The board of Minnesota's new insurance exchange is freeing up as much as $750,000 to help people sign up for coverage in response to criticism that it was doing too little to reach those in need.

The unanimous vote to free up the money for community organizations came a day after MNsure leaders came under fire from legislators and community leaders for overlooking some areas, particularly among African-Americans, in announcing $2 million in grants last month.

Gov. Mark Dayton said Wednesday that he sent e-mails to MNsure executive director April Todd-Malmlov and Department of Human Services Commissioner Lucinda Jesson voicing his concerns about groups that "were rightfully indignant that they were excluded from outreach funding."

"I take it very seriously," Dayton said. "I hope the board will act with additional funds to remedy that, and I hope that they won't have to repeat that mistake again."

MNsure, the state's new health insurance marketplace, launches Oct. 1 for open enrollment. In addition to making it easier for individuals and small-business owners to comparison shop among health plans, a key goal is to help the more than 490,000 uninsured Minnesotans sign up for affordable coverage.

Alfred Babington-Johnson, who testified before the MNsure Legislative Oversight Committee about the importance of reaching the African-American community, thanked Dayton for weighing in and said the MNsure board's action to expand the pool of recipients was a "positive development."

"Outreach and infrastructure is more than a little important," Babington-Johnson said. "It is the bottom line for MNsure's existence and for whether or not it will be a success."

Babington-Johnson had applied for a grant to enable his organization, the Stairstep Foundation, to deepen its network of churches and community outposts that already work to improve access to medical care in African-American neighborhoods.

He said that there remains a "cultural divide" in reaching certain groups and that traditional advertising and mass mailings won't work. "There needs to be some recognition that the reason there are uninsured people is that some are not operating in the mainstream," he said.

Sue Abderholden, executive director of Minnesota's chapter of the National Alliance on Mental Illness, said she was glad to have a second chance, particularly because health insurance companies for the first time will be required to cover mental health issues if they sell plans on the MNsure exchange.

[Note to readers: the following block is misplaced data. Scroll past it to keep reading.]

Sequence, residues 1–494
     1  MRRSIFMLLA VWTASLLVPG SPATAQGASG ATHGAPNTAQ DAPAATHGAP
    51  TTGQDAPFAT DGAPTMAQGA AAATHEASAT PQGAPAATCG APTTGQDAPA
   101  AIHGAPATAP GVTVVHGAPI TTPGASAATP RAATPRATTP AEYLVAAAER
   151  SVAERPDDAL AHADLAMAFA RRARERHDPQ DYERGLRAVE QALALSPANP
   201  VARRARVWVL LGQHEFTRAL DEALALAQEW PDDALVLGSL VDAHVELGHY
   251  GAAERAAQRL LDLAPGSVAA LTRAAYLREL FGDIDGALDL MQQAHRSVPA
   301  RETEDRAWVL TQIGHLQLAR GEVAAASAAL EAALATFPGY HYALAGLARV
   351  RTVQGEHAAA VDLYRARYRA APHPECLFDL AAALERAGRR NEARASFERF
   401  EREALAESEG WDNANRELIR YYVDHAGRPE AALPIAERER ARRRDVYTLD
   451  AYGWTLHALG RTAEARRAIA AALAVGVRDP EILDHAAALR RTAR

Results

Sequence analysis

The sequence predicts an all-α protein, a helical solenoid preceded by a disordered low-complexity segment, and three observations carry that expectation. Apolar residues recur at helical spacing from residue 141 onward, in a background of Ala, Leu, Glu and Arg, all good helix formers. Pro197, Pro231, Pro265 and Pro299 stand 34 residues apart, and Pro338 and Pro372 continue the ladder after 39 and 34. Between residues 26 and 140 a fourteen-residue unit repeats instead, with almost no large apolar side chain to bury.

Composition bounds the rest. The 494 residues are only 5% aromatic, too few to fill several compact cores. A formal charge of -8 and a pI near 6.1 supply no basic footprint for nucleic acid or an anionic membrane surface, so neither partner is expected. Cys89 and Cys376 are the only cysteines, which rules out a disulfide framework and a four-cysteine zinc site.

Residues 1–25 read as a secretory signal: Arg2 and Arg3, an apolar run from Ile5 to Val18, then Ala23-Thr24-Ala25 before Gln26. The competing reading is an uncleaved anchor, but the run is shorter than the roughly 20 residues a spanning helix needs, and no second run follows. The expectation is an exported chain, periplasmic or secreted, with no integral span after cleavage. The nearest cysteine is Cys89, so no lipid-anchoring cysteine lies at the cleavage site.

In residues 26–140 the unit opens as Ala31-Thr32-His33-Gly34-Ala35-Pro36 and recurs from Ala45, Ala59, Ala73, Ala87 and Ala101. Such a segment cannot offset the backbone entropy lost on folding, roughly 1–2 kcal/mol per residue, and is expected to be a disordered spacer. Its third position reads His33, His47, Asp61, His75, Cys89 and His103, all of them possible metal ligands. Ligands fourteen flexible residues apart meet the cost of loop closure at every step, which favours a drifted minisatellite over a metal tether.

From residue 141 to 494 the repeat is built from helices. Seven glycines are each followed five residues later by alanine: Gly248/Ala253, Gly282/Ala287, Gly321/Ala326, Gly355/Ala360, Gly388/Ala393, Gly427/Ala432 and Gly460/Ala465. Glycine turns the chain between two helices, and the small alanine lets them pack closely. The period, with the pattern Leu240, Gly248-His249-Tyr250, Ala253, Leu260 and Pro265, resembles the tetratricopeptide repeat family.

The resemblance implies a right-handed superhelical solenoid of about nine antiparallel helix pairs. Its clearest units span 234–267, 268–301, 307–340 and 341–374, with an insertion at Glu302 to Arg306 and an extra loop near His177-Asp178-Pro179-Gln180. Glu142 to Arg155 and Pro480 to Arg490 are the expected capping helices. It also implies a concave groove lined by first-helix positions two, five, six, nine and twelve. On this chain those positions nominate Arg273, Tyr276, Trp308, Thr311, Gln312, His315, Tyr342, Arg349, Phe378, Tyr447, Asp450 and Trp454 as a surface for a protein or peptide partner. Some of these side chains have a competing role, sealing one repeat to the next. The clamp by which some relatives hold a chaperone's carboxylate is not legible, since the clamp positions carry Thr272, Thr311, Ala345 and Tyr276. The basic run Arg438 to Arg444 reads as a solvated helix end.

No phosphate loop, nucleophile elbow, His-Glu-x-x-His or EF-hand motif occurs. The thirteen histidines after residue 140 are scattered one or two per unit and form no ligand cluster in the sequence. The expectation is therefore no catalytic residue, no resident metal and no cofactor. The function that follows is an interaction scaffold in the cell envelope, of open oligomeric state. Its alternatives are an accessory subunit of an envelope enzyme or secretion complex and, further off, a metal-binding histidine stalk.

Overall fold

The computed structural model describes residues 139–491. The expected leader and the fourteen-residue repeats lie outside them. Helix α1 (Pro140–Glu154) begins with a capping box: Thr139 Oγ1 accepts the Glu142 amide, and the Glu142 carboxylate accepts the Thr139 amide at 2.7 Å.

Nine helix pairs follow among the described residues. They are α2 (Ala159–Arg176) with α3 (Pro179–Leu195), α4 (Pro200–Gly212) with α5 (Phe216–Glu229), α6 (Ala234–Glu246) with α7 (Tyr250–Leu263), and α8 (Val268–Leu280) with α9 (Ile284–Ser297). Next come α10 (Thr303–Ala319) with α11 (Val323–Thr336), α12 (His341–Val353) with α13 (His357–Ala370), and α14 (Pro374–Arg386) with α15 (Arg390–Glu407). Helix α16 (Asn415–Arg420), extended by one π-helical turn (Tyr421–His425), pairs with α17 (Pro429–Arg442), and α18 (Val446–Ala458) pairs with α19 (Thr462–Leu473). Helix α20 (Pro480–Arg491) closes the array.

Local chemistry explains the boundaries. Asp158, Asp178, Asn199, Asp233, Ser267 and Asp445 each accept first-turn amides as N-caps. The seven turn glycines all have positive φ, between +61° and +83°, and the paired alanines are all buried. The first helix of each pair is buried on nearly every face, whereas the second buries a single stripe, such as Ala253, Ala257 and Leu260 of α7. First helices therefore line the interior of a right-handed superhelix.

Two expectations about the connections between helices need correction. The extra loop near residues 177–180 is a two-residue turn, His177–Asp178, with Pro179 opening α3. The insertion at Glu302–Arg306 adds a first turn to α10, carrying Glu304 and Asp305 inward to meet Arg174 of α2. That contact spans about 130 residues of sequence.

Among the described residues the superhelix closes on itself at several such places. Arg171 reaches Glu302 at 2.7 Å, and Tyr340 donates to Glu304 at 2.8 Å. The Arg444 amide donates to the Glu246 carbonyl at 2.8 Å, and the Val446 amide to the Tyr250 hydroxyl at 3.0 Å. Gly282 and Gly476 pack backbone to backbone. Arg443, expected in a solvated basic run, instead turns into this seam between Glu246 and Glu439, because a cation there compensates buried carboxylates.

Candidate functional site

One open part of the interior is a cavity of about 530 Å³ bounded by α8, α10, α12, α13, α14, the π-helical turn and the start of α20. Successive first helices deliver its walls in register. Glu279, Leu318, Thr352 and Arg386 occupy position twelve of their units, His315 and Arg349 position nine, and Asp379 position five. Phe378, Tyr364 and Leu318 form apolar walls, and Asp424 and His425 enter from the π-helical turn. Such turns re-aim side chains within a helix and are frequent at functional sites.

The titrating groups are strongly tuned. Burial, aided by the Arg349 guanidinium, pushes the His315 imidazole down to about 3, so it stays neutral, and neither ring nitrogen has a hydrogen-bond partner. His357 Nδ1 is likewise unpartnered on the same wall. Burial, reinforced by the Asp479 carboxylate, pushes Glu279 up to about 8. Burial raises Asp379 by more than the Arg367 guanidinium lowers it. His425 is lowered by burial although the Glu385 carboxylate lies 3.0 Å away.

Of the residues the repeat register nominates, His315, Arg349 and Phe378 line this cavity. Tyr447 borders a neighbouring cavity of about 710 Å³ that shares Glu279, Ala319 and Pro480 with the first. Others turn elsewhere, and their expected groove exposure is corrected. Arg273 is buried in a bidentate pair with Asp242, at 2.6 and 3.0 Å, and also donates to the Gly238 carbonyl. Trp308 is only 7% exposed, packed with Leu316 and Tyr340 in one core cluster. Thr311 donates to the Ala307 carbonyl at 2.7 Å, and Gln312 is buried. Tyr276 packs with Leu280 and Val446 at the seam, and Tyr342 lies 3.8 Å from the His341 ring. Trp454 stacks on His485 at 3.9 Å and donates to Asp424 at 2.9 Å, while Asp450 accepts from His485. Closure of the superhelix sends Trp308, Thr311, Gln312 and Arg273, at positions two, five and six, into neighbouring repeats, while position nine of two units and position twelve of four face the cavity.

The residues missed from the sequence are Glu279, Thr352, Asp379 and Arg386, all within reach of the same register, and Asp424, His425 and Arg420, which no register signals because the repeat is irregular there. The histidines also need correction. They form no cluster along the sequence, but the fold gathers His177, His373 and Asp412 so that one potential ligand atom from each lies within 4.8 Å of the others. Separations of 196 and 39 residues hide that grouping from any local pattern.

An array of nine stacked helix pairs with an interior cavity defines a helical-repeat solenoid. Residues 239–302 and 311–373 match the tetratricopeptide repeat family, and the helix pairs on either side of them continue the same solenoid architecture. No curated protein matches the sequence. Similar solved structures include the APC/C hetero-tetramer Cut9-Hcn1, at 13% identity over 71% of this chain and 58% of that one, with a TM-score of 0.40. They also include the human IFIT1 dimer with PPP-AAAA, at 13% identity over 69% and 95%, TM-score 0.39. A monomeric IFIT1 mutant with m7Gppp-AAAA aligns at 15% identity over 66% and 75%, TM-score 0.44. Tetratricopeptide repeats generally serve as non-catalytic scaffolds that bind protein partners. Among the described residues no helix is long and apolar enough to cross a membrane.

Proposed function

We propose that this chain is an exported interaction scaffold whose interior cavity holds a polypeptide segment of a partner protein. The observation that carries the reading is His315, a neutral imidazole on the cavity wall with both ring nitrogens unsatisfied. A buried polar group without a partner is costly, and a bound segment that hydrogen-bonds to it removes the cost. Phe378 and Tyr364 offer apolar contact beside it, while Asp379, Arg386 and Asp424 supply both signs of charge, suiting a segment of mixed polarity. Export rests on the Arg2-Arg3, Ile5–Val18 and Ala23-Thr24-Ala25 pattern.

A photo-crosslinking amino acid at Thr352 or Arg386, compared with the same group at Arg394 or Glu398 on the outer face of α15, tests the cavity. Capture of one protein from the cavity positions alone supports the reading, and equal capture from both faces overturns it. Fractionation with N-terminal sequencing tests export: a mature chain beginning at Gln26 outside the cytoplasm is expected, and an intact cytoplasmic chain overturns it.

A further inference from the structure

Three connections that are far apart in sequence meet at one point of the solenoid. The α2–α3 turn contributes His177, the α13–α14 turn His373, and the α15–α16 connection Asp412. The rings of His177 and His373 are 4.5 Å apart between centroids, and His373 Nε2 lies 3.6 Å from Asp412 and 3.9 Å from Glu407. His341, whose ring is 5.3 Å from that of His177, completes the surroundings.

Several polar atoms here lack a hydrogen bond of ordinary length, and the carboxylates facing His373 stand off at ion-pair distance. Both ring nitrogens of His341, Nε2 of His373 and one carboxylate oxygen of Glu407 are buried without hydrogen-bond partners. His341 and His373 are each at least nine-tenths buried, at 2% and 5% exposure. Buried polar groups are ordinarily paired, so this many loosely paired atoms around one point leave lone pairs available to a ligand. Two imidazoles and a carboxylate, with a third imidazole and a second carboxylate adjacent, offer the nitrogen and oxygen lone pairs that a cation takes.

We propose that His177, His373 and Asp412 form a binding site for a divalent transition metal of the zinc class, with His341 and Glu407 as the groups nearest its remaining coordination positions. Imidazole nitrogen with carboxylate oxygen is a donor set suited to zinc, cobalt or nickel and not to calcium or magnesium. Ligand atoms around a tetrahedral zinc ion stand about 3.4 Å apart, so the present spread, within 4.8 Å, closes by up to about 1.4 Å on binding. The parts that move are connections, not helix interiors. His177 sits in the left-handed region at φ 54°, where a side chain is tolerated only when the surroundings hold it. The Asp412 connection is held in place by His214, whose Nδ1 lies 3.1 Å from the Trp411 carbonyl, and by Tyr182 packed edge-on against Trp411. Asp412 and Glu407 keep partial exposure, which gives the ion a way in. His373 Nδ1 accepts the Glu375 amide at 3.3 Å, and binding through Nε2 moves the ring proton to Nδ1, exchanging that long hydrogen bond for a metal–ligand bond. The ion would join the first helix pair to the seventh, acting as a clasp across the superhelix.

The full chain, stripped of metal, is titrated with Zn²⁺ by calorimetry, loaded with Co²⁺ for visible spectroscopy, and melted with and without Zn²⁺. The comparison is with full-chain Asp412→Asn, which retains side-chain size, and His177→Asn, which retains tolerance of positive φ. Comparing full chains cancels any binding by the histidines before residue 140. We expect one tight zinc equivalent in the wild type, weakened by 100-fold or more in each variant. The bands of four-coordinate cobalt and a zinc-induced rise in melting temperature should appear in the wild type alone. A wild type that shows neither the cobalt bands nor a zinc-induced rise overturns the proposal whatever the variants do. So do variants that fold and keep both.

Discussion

Abderholden had submitted an application as part of a group of mental health associations and child-care agencies that operate support groups, help lines and education classes at some 173 locations around the state.

"I wanted to be careful that this didn't come off as sour grapes," she said. "But I was very disappointed that our community was not included because this is a huge group of people who could benefit greatly from what the exchange offers."

New grants to go out quickly

Board members discussed the issue for about an hour, meeting for the first time in the MNsure headquarters in downtown St. Paul.

The additional grant money will come from savings in consumer testing and online training, where costs had come in lower than budgeted, Todd-Malmlov told the board. It does not require federal approval, which will make it easier to quickly disburse the funds.

The recipients of the new round of grants will be pulled from the 109 organizations that already have submitted applications.

MNsure board members urged that the money be disbursed as quickly as possible.

Last month, 30 organizations were named as recipients of federal grants that range from $2,000 to $200,000 for individual organizations and up to $500,000 for coalitions of multiple organizations.

Existing grants still are being finalized and questions have been raised about some of those, including a small-business advocacy group with DFL ties and a broker who pleaded guilty to resisting arrest or obstructing an officer during a traffic stop in Wisconsin in 2011.

A MNsure spokesman said officials are in the final stage of reviewing the recipients — a process that includes looking at financial issues, conflicts of interest and other issues that might prohibit the award of government grants.

Staff writer Jim Ragsdale contributed to this report.